Should Anglicans genuflect (left knee) to our archbishop/bishops or kiss the ring of our bishops?

Discussion in 'Sacraments and Holy Orders' started by Tom, Oct 29, 2017.

  1. Tom

    Tom New Member Anglican

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    My personal opinion is that I am not opposed to it as it shows respect to the successor of the apostles and probably would do it if it was common practise within the CofE.

    For clarity I mean within a church/cathedral, either before or after the Mass, but not like in an informal meeting or every time you pass/greet them.
     
    Last edited: Oct 29, 2017
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  2. Shane R

    Shane R Active Member

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    All postulants are given training on the customs and ceremonies of the Orthodox Anglican Church when they go through Deacon's Training. Genuflecting to the bishop and kissing his ring is a custom and courtesy befitting his office, according to our jurisdictional norms. As a veteran of the US Navy, I have -in my mind- correlated it to the custom of the hand salute rendered to an officer, or the question "by your leave" when passing by an officer (who is walking slower than you in the same direction). For clergy, it is proper to adopt something of a military or feudal mindset, wherein the bishop is one's officer or lord and you are his agent. How often did this dynamic appear in the parables of Christ?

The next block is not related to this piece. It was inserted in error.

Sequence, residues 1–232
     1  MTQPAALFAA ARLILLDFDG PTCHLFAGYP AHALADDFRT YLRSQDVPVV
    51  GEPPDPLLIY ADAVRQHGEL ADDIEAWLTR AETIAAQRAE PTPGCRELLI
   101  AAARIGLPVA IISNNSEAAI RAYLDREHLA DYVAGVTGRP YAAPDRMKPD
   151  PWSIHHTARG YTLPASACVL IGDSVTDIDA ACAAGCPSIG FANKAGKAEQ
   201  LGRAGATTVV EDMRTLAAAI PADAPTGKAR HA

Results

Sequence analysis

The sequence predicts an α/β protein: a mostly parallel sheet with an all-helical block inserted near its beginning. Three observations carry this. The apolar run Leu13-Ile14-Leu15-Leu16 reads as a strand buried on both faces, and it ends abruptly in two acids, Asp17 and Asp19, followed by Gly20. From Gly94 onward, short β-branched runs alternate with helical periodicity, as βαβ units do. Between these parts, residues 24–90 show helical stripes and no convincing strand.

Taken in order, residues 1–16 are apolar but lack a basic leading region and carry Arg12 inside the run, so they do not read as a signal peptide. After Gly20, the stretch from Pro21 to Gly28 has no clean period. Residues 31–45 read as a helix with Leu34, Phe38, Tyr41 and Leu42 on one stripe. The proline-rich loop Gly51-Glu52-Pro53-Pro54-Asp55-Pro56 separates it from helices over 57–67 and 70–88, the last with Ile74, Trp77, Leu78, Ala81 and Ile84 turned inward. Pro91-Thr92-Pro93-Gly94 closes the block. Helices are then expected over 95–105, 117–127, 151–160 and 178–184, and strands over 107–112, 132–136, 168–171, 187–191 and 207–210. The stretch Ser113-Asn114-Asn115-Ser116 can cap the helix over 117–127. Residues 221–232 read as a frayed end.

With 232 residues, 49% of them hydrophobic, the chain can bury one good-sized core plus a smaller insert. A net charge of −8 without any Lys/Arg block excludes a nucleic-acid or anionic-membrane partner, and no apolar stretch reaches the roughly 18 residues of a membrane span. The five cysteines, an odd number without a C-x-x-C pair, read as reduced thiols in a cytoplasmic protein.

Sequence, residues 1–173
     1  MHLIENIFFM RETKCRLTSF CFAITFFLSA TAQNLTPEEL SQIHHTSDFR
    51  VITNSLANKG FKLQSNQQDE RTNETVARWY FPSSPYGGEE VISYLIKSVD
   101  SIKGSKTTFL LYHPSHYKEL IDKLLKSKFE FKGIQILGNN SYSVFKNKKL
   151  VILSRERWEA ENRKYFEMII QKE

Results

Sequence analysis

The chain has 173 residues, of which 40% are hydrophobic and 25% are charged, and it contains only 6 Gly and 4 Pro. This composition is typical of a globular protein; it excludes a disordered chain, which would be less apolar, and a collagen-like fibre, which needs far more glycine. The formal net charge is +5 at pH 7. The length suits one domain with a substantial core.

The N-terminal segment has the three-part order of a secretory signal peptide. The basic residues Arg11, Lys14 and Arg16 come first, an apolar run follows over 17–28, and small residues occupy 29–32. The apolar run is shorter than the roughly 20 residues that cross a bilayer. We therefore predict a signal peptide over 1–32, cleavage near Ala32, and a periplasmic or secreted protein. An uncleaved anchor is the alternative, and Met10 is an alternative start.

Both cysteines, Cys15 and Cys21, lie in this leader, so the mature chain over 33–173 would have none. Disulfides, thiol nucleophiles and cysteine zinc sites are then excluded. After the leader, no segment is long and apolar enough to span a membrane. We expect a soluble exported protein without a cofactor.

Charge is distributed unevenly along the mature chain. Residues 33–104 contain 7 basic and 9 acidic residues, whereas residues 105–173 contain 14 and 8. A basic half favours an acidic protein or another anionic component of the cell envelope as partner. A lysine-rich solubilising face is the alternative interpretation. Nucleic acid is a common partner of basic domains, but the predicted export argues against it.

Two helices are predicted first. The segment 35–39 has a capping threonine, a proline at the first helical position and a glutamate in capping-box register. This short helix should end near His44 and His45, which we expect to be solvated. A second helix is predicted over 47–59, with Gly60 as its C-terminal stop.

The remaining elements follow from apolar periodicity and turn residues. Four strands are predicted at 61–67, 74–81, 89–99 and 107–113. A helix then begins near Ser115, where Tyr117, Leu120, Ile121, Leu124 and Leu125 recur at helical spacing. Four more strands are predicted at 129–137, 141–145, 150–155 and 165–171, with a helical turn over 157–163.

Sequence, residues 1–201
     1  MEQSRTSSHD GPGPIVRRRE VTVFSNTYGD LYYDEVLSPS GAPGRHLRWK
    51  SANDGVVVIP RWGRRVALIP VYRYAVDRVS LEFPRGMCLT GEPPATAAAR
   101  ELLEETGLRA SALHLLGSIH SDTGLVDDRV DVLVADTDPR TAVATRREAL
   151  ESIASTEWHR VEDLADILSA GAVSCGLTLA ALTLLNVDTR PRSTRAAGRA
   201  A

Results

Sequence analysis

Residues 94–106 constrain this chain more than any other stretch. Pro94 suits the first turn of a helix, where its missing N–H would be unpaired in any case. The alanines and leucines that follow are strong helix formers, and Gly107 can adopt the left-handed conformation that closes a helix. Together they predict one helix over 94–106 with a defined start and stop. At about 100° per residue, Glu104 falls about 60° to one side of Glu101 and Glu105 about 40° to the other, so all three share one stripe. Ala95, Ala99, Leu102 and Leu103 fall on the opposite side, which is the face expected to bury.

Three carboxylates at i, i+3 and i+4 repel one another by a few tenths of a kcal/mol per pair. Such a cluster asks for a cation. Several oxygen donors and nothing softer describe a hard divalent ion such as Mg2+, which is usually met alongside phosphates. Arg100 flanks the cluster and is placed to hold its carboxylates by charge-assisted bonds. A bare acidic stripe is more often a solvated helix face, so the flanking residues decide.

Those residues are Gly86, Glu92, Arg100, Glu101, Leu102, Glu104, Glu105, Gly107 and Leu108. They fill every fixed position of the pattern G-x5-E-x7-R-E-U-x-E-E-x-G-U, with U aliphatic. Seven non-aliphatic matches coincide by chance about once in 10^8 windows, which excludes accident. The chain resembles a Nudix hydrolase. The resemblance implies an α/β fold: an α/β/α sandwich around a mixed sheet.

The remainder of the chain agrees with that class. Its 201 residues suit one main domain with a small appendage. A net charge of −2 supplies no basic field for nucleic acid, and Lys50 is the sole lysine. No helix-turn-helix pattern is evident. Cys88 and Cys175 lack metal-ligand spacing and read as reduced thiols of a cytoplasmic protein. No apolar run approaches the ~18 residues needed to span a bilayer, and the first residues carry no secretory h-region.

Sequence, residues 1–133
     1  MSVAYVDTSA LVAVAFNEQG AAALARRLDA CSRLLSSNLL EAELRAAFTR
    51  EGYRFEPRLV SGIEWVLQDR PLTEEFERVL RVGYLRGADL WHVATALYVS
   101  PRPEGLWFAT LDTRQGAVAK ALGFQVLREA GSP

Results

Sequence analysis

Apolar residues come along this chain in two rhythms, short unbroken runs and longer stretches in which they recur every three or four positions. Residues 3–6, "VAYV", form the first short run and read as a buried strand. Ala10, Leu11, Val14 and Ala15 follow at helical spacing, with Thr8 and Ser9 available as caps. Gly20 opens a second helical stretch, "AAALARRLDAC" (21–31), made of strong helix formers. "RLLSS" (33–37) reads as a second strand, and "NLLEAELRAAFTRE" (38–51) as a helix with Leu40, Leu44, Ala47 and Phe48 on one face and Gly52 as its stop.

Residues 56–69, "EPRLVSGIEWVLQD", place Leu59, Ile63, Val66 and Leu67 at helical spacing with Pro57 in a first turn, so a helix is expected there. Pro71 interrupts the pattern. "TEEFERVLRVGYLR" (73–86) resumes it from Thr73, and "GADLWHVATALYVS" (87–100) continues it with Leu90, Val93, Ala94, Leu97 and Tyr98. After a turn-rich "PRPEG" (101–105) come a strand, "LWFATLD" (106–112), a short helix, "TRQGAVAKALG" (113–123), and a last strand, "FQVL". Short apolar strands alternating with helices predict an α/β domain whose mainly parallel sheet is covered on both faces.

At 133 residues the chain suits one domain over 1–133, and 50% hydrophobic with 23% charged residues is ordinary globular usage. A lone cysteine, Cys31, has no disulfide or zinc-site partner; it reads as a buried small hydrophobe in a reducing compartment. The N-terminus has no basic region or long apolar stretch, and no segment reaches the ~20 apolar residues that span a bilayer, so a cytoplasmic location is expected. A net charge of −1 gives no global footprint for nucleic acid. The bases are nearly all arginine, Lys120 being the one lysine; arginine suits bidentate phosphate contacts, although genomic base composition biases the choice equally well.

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  3. peter

    peter Active Member

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  4. Anglican04

    Anglican04 Active Member Anglican

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    Thank you for your service!
     
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  5. neminem

    neminem Member

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    Not wishing to digress from the OP, but in Australian military we are reminded to never salute an officer who is not in full uniform (such as a cap). the reason being is that we salute the commission not the person. Otherwise the officer may think it is themselves which deserves respect and obedience, instead of the rank.
     
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  6. Shane R

    Shane R Active Member

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    That is compatible with the practice here in the States as well. I had assumed an officer, or bishop, with the accoutrements of his office.
     
  7. Mark

    Mark Well-Known Member Anglican

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    While in the US Marines, we saluted the officer. I rendered salutes to those senior in rank and received salutes from those of lower ranks. Being in or out of uniform did not matter. If we knew the person was an officer we saluted. It was always about the rank and never the person. I was a Captain in the Marines. On ship I was Captain of Marines. A Captain of Marines was called "skipper" by his Marines if they liked him personally. That is a very high
    honor that I gratefully can claim. (that bit of Marine Corps lore was taught to me by my First Sgt as a Company XO. The Marines referred to me, a 2nd Lt as the "skipper" and the Captain was the "company commander.")

    Blessings

    Fr. Mark
     
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